We’ve lost count of how many times Elvis Costello has “retired”, citing public apathy and industry misbehavior. Yet again, in the midst of his most recent recording hiatus, comes a Costello release with little more about it than a surefire way to simultaneously take his most fervent supporters’ money and draw their ire. Having accomplished both with this correspondent, we report herewith on In Motion Pictures, an alleged celebration of his appearance on movie soundtracks.
If it collected every extraneous song written for films without repeating songs already available, then we might have something. Instead, in a clear attempt to seduce a crowd outside of the usual Costello diehards, it opens with “Accidents Will Happen”, already collected on every one of his hits collections (not to mention the Armed Forces album) and included here solely because a character can be heard self-consciously singing it in E.T.. Likewise “Miracle Man”, “Lovers Walk” and “I Want You”—all album tracks borrowed decades after their initial appearance.
Other songs haven’t exactly been rare for years. “Crawling To The U.S.A.” and “Seven Day Weekend” each appeared on B-sides compilations and expanded album reissues, just as “Days” and “Oh Well” have been available for some time. “God Give Me Strength” went on to spur a whole album. Only “A Town Called Big Nothing”, ignored in the Rhino years, can be considered a fresh find, though EC fans have it already.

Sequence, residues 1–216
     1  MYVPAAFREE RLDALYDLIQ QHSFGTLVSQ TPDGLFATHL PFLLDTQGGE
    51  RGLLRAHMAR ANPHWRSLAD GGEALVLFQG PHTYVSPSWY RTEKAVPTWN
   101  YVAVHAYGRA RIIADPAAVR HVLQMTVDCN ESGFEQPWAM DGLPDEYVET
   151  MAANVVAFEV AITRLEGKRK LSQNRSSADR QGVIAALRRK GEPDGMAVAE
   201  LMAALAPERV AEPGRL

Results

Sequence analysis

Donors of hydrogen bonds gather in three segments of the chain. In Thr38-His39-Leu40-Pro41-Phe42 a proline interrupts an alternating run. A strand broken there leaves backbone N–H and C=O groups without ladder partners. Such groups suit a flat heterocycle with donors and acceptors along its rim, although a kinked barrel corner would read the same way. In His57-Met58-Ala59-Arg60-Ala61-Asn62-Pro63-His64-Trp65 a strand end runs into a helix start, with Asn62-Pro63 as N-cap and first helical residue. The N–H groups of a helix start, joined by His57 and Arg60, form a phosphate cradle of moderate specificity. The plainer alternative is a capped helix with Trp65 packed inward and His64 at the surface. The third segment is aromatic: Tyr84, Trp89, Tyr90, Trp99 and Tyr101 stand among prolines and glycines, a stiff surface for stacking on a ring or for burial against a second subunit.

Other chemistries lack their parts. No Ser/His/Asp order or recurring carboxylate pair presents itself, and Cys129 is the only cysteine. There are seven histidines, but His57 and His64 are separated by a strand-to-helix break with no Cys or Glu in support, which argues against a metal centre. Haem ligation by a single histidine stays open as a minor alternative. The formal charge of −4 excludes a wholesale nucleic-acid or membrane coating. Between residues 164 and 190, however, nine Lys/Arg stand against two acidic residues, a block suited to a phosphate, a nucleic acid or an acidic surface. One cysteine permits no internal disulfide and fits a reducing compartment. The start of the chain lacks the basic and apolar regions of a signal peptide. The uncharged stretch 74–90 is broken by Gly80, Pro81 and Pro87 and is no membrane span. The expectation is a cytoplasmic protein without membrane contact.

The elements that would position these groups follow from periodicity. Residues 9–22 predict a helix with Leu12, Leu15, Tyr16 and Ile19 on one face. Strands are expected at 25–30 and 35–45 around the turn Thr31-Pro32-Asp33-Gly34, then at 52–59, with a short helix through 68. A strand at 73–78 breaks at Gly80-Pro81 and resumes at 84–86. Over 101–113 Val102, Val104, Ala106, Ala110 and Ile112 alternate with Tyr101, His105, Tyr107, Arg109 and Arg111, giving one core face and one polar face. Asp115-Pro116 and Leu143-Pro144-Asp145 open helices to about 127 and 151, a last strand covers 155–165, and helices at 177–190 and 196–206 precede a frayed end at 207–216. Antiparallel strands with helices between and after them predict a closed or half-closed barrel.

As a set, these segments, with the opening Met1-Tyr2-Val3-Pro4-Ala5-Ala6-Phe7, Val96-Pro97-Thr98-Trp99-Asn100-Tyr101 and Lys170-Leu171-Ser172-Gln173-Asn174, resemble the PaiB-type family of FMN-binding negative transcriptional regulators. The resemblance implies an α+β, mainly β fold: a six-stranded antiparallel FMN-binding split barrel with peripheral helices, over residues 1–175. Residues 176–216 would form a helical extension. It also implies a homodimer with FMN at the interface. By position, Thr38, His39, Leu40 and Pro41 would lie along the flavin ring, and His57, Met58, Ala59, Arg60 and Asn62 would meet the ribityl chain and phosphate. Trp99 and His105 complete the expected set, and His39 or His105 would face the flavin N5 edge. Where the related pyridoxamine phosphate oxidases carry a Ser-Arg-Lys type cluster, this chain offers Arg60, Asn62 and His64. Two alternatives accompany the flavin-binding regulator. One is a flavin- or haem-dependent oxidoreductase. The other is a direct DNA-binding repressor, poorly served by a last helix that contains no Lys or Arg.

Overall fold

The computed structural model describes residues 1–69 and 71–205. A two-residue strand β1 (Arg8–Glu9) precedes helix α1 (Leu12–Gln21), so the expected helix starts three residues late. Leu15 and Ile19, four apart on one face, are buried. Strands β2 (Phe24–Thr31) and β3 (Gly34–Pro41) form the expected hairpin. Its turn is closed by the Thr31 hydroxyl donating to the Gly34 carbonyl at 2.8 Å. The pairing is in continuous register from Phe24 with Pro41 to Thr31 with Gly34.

So is there anything here for people who try to limit the Costello section of their CD racks to jewel boxes with his name on the spines? Well, kinda. “You Stole My Bell” comes from the pre-When I Was Cruel period, and “My Mood Swings” will be familiar to Big Lebowski fans. (Both also credit co-writing to ex-wife Cait O’Riordan, which is nice of him.) The newest song is “Sparkling Day”, from an Anne Hathaway movie nobody saw, with a string arrangement that links well to the next track. The inclusion of “She”, from Notting Hill, makes a little sense, since it was pretty big hit, and gives some of us a chance to remove the 1999 best-of from the rack.
The album also has him squarely straddling the pop and “alternative” worlds, with none of the country or bluegrass shades from his last two real albums. The hard part is assigning a rating. From a musical standpoint, In Motion Pictures is palatable. On the whole, it’s inessential. The biggest value will most likely be the thinly veiled “ghostwritten” liner notes, which make clear reference to all the songs that weren’t included—many of which would have been welcome over the retreads.
Elvis Costello In Motion Pictures (2012)—3